It has been recommended that patronising is the disagreement that workforces do not know their own minds. There is genuine support for the proposal that workers question management intentions and are more judicious (Willemyns et al., 2003). In specific, a study of management motives established that staffs report that managers were predominantly compelled by political underlying principle and implement the working of team for motives of selfishness (Keenoy, 1990). A different study brought into being that a total of 43 per cent of staffs felt that their managers lie and cheat them and 68 per cent lacked trust in their managers (Moreland, 1996). Hallier (2009) states that staffs have reacted sceptically to employer speech-making of assurance and prefer to research (Collinson and Collinson, 1997; Hallier and Forbes, 2005) added that staffs involve in sceptical obedience or mimic management’s speech-making to defend their positions by seeming to be “on side”. There is also empirical indication supportive to the HRM unitary pattern that employees like management creativeness. Guest (1999) examined data from the “UK Institute of Personnel and Development annual survey in 1997” where out of 1,000 employees, discovering that workers felt that there was effective implementation of HRM strategy, that it leads to better satisfaction, job safety, inspiration and lesser levels of burden at work, and that there was a strong positive connection between the acceptance of additional HPWP that is valued by the staff’s like team working and results. Besides this, Mamman and Rees (2004) point out that there is certain overlap between the speech-making recommended by American HR managers and the truth of HRM as observed by staffs. Nevertheless, it is not knows that if employee’s positive views have been operated by management speech-making (Mueller et al., 2000). Secondly, Guest (1999) suggests that there is sarcasm in a perception that disputes that HRM has not been efficiently applied and consecutively proposes that HRM is influential enough to influence workers. He guesses that researchers may be setting up a “straw man” that can be judgmentally analysed. Thus the gap between speech-making and actuality may be shaped by the division between academic speech-making and specialist realism. In specific, Ulrich and Brockbank (2005) suggested that HRM can involve in a straightforward, cooperative partnership with senior executives and line managers. Nevertheless, Hope-Hailey et al. (2005) dispute that this method lacks to reflect the pluralist, contending stake holders viewpoint that describes reality. Alvesson and Willmott (2002) declare that there is supremacy of positivist epistemology in the literature that depict management as a unbiased technology or subdivision of engineering with very little investigation that support’s to our understanding of the casual characteristics of workstation group.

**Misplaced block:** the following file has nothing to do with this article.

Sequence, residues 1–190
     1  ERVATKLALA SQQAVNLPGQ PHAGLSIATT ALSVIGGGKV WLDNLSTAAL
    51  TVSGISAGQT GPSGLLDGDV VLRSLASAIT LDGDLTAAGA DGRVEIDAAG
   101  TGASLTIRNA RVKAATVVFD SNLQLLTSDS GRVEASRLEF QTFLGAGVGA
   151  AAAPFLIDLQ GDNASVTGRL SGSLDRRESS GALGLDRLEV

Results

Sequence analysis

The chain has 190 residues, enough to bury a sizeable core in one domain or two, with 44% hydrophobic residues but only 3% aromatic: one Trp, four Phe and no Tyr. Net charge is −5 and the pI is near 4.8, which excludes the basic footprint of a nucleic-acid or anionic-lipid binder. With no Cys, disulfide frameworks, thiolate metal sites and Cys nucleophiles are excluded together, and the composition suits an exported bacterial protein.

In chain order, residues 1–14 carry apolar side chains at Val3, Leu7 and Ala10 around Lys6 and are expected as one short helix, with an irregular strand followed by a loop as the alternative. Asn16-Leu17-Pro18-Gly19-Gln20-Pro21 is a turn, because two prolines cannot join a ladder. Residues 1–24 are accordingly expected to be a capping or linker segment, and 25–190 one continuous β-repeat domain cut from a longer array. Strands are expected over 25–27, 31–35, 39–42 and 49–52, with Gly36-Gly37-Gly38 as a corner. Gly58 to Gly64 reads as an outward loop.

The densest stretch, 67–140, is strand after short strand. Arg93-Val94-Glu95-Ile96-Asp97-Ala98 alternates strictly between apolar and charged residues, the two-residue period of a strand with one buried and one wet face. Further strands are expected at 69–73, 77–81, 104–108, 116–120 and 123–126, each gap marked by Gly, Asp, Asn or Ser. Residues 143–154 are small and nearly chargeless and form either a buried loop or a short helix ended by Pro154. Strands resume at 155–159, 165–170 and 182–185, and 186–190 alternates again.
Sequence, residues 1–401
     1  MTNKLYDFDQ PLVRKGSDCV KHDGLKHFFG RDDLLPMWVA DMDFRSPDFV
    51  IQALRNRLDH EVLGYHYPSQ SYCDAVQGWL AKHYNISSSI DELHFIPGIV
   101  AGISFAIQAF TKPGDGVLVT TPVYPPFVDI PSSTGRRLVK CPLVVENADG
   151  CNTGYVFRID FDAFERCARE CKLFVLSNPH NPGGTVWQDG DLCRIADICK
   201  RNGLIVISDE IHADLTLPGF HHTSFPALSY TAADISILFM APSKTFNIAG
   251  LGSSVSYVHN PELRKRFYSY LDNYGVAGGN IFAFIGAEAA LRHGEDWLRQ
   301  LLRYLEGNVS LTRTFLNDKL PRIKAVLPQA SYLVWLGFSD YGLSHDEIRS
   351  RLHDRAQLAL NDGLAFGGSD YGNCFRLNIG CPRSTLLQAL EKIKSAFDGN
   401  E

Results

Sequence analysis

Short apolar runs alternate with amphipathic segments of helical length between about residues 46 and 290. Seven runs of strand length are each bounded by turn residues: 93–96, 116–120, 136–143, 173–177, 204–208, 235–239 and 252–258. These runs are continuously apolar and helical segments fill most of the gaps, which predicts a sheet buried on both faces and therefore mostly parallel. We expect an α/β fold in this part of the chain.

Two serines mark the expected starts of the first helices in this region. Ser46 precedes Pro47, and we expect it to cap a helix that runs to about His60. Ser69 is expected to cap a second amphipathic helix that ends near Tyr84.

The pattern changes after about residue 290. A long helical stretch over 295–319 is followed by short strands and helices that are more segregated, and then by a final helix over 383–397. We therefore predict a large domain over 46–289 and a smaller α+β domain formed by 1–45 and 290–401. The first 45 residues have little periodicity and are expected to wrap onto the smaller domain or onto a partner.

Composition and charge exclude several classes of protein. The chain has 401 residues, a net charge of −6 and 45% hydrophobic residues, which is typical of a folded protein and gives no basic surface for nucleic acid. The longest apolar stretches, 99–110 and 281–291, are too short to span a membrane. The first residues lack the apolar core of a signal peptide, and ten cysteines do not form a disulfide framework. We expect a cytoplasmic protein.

There is a lack of empirical investigation discovering the association between HRM policy and practice. The boss and employee results and the research do exist in qualitative research from most of the literatures and is focussed with the western countries. But there is lack of consideration in regard to non-western HRM policies which brings it interesting and important to investigate on the Arab environment like Oman.
Research questions and objectives
The main goal of this research is to answer the following research question using qualitative and quantitative research methods. What is the role and impact of HRM policy?
To identify the current company policy, practice and outcomes which is to understand the impact of soft and hard HRM practices if it may lead to positive or negative outcomes. It includes identification of the impoverished IHRM if it is associated with gap between policy and practice.